What is Underneath the Struggle?

Updated: Apr 14

by Dawn Billings, founder of RelationshipHelp.com

Why do what you believe should be simple conversations turn into relationship struggles? How can you get so angry and frustrated so quickly?


Most people do not understand that their anger and rage usually stem from feeling hurt? That's right, after feeling wounded, when they feel hurt it can quickly ratchet up to anger, even rage and this is the beginning of their most uncomfortable relationship struggles. You know the ones I am referring to. The ones where you look at your partner who is behaving so irrationally and hostile that you no longer recognize them as the person you fell in love with.


But there is good news. If we teach ourselves to take a small time out and identify the hurt we are feeling, we can save ourselves a fall-out, and every fall-out saved is a bond strengthened or an arrow that missed the heart of the one you love.

When you get angry and frustrated attempt to get to the heart of how you feel: burdened, unsupported, incompetent, unappreciated and incapable of making your partner happy no matter how hard you try? This can provide clues for what is triggering about your conversations and how these conversations quickly get derailed. No one can find the sources of these triggers that represent broken places in your life, but you. You can always go to therapy, but that takes a great deal of time and money. So what is the inexpensive, easy and effective way? Look into the online relationship course: www.RelationshipHelpAtHome.com We each deal with stress differently. Some of us shut down, some of us yell. Some of us escape into drugs, alcohol, or even other relationships. If you learn more about how your personality handles stress, there is a good chance you can avoid the yelling, of course, that might sound dramatic but arguments can get pretty dramatic because of the meaning we might not understand is underneath them. You see, as human beings, we are meaning making machines. We can make meaning out of a look, a shrug, a grunt, whatever, we can make meaning out of it. We can upset ourselves with meaning that our partners often didn’t mean (pun intended). A five-minute cool down is always better than lunging into battle-mode. Some people do not understand the importance and value of an adult time out. Maybe that is because we misuse them. Some people walk away from one another and withdraw as a punishment instead of an opportunity to regroup. We have to make an agreement that FOR the love of our relationship and out of respect for our partner, we will stop and put ourselves in adult time out rather than say and do things that we will regret. Once a couple agrees that this is how the adult time out can be used for the benefit of their relationship, not the punishment or disrespect of their partner, we begin to reap the benefits of taking a cool down when things get heated and feelings begin to get hurt.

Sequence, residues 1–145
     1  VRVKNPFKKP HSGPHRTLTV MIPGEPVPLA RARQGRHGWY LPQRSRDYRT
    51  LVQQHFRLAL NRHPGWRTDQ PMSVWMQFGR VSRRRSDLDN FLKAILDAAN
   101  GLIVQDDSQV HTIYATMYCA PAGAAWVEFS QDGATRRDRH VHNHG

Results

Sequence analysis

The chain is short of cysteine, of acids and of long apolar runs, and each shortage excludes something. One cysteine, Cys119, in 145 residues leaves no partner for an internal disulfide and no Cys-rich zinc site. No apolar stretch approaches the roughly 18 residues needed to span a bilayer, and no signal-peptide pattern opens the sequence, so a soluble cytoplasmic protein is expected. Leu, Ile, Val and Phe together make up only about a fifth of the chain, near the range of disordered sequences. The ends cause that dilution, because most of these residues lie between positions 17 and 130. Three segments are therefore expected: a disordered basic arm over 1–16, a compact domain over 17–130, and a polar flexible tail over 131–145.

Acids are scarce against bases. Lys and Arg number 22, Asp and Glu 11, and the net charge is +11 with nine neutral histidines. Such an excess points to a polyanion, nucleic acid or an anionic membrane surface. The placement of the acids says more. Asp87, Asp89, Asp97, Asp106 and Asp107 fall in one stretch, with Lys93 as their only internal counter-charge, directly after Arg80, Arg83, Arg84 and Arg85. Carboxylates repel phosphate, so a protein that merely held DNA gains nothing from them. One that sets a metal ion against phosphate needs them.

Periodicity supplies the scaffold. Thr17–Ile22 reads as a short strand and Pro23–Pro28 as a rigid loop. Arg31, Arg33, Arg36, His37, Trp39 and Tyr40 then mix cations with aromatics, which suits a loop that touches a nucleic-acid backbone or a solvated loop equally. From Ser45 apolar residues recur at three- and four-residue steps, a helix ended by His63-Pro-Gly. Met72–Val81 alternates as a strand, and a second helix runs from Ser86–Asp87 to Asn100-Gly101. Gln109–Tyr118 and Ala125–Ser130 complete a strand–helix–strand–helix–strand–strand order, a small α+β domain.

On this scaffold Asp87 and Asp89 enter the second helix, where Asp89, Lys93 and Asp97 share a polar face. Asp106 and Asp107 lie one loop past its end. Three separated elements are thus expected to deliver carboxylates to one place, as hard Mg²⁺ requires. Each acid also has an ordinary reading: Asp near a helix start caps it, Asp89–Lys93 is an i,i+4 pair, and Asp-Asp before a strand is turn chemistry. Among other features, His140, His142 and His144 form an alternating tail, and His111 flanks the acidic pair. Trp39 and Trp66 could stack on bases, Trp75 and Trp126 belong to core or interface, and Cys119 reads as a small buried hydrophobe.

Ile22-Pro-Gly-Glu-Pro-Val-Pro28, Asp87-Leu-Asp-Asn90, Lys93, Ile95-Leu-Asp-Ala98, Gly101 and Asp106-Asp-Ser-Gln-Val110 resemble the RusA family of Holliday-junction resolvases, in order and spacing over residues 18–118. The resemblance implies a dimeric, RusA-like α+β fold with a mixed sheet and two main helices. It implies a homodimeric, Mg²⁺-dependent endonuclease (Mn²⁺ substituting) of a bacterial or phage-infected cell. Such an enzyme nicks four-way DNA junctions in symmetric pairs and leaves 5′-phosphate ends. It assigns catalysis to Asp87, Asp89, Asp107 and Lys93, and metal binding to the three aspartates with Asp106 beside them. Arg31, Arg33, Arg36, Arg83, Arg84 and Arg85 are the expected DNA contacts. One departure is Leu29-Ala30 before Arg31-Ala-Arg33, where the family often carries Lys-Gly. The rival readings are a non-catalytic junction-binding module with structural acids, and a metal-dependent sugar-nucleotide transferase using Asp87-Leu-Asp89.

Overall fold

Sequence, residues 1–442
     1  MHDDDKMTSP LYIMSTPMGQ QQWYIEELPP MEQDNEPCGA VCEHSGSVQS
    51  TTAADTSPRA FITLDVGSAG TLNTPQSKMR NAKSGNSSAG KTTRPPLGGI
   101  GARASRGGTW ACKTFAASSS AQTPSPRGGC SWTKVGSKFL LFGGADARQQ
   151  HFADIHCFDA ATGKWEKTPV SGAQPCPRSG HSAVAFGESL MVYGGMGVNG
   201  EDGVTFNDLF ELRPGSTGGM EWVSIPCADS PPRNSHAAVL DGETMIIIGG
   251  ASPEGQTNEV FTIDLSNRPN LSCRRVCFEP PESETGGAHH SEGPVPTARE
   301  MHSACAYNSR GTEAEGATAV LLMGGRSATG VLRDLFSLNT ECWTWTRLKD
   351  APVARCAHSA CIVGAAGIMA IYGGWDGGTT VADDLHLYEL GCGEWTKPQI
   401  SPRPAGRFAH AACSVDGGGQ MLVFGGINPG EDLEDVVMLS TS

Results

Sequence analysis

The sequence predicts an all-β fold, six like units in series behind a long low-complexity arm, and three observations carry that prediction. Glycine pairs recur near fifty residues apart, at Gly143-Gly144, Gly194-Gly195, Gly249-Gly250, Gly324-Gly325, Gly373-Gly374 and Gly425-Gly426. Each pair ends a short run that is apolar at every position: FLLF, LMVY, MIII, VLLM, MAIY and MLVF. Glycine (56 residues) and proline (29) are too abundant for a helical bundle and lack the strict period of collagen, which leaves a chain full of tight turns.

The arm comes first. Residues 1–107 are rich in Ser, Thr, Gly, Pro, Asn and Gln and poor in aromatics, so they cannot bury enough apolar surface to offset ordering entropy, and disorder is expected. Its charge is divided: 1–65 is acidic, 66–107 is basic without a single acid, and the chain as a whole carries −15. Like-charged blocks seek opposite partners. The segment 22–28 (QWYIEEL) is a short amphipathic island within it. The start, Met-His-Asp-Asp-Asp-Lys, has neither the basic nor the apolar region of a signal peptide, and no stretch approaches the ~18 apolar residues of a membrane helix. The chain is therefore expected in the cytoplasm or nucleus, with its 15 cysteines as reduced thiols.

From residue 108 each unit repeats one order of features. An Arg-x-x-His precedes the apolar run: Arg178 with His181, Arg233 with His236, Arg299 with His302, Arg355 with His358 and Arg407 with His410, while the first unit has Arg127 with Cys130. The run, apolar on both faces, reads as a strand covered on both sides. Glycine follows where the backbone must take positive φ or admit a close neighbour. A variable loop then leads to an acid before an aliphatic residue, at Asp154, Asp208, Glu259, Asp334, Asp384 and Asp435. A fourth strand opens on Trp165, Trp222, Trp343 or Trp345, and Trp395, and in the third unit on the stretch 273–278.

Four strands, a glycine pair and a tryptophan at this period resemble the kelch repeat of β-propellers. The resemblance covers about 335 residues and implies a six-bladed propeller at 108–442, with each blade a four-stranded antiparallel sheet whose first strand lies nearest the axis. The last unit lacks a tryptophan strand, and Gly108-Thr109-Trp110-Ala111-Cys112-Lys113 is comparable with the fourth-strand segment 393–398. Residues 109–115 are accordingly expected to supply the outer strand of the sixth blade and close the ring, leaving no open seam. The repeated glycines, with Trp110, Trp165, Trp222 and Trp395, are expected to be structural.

Time outs can be very positive but so can time ins. Time ins are where you schedule time to read together, go on walks together, remember how to laugh together, go to workshops together, take an online relationship course together. Spending five minutes each day learning to understand ourselves and our partner and how to better communicate, listen and express our love to them is even better. So check out: www.RelationshipHelpAtHome.com and look into the online relationship course that can strengthen, enhance your emotional intelligence and help you heal your relationship.

Personality expert Dawn Billings is the founder of RelationshipHelp.com and creator of the comprehensive ONLINE relationship Programs called RelationshipHelpAtHome.com Dawn is the executive director of the luxury Relationship Help Resort in Arizona where she hosts private couples therapy intensives to help people heal and strengthen their relationships.


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